Popular messaging application Telegram is planning to launch an ICO and its own cryptocurrency, according to a report in Techcrunch, which cites a whitepaper that it has reviewed portions of.
The tokens will be called ‘Grams’, and the blockchain is to be called ‘TRON’. The Durov brothers, founders of Telegram, are apparently considering a total token value of 3-5 billion USD, and a pre-sale of 500 million USD.
With this move, Telegram is taking a leaf out of the book of WeChat – the Chinese messenger service that has become a popular payment platform too. In fact, Bloomberg reported in September that the Chinese government’s crackdown on cryptocurrency is leading millions to migrate from WeChat to Telegram; they had been using the WeChat platform to circumvent the ban on cryptocurrency exchanges.
According to the whitepaper, the system will be released in four stages: TON services, TON DNS, TON payments, and the TON blockchain.
Q8 Trade Gains Recognition for ‘Most Trusted Trading Platform in MENA’Go to article >>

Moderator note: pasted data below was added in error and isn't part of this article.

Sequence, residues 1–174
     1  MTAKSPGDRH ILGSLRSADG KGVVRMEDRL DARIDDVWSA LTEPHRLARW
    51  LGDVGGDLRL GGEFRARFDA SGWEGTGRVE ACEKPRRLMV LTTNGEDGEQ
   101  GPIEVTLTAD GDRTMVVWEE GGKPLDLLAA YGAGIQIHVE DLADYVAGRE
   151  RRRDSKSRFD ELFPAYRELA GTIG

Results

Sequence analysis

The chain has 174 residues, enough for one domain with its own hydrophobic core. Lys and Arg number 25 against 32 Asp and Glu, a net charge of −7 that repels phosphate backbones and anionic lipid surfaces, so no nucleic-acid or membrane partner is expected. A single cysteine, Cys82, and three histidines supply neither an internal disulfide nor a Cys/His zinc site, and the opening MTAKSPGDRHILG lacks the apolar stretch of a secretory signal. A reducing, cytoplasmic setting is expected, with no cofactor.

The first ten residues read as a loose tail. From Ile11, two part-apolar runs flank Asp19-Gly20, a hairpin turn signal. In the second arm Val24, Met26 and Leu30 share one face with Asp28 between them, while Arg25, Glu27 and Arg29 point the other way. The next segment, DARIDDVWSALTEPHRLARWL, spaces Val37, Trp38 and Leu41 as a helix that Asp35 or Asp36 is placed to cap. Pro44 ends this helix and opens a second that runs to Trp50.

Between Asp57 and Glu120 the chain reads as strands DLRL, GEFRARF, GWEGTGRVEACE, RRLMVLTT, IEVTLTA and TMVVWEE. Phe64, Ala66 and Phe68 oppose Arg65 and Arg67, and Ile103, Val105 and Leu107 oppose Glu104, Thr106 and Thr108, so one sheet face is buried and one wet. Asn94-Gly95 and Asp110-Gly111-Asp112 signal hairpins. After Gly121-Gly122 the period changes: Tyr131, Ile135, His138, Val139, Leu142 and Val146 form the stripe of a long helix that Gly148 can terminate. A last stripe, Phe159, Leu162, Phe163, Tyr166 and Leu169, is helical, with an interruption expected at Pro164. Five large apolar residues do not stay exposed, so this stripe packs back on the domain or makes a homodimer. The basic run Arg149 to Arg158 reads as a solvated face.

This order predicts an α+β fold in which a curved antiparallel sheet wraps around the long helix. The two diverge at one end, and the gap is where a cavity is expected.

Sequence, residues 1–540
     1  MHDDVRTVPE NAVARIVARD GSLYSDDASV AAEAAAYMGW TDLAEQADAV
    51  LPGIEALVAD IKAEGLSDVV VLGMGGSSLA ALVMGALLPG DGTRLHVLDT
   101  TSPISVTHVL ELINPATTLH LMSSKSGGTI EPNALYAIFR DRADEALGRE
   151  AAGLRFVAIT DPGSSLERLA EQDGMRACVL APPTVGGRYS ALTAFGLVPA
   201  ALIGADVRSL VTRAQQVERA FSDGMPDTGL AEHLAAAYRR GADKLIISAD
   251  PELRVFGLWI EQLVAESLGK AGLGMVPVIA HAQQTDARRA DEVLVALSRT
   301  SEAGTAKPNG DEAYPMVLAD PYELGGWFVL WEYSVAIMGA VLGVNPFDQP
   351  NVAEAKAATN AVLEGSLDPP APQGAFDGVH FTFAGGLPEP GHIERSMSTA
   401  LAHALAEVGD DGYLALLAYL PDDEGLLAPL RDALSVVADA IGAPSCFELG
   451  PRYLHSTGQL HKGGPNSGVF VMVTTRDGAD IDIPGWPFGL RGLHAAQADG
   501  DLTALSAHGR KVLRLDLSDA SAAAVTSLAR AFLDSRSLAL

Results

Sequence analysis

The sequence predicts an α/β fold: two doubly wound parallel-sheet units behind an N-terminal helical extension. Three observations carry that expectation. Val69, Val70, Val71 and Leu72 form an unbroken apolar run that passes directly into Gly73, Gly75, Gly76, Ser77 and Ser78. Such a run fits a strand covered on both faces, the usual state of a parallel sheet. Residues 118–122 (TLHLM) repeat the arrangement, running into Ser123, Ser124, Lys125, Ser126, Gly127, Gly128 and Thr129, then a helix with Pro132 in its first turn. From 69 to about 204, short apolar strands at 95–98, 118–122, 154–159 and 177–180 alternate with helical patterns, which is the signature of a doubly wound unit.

The blockchain will be a third-generation proof-of-stake based blockchain, meaning that it will not rely on mining to generate currency as Bitcoin does. 5 billion Grams will be created, of which 4% (200 million) will be reserved for the development team, and at least 52% held by Telegram to regulate the number of tokens in circulation.
The ICO could come as soon as March, according to the report.
Telegram is a cloud-based messaging application with which users can exchange messages and media files. It differs from WhatsApp because of its emphasis on privacy – users can converse in ‘secret chats’, with which messages can only be viewed on the device to which they were sent, and cannot be forwarded. Users can also opt to set a self-destruct timer on messages, much like Snapchat.
Telegram was launched in 2013, and as of December 2017 had 180 million users. It accounts for approximately 40% of the internet traffic in Iran – the Iranian leadership blocked access to the application last week, claiming that it was “kindling the fire of the battle”, according to The Telegraph.